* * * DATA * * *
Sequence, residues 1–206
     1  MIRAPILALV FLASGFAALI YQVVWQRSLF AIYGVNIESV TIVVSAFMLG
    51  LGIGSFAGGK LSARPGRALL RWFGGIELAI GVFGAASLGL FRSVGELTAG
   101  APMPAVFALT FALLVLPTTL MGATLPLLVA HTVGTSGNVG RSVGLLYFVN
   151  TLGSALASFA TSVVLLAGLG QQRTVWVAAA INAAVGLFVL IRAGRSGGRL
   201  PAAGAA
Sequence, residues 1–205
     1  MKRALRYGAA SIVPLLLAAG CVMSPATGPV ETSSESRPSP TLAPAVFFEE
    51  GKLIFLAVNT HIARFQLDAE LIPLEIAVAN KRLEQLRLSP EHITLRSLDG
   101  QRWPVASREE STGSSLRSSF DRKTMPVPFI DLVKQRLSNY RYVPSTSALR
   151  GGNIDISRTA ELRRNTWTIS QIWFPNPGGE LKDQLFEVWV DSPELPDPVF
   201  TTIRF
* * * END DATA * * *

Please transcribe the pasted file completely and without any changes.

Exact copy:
Sequence, residues 1–206
     1  MIRAPILALV FLASGFAALI YQVVWQRSLF AIYGVNIESV TIVVSAFMLG
    51  LGIGSFAGGK LSARPGRALL RWFGGIELAI GVFGAASLGL FRSVGELTAG
   101  APMPAVFALT FALLVLPTTL MGATLPLLVA HTVGTSGNVG RSVGLLYFVN
   151  TLGSALASFA TSVVLLAGLG QQRTVWVAAA INAAVGLFVL IRAGRSGGRL
   201  PAAGAA
Sequence, residues 1–205
     1  MKRALRYGAA SIVPLLLAAG CVMSPATGPV ETSSESRPSP TLAPAVFFEE
    51  GKLIFLAVNT HIARFQLDAE LIPLEIAVAN KRLEQLRLSP EHITLRSLDG
   101  QRWPVASREE STGSSLRSSF DRKTMPVPFI DLVKQRLSNY RYVPSTSALR
   151  GGNIDISRTA ELRRNTWTIS QIWFPNPGGE LKDQLFEVWV DSPELPDPVF
   201  TTIRF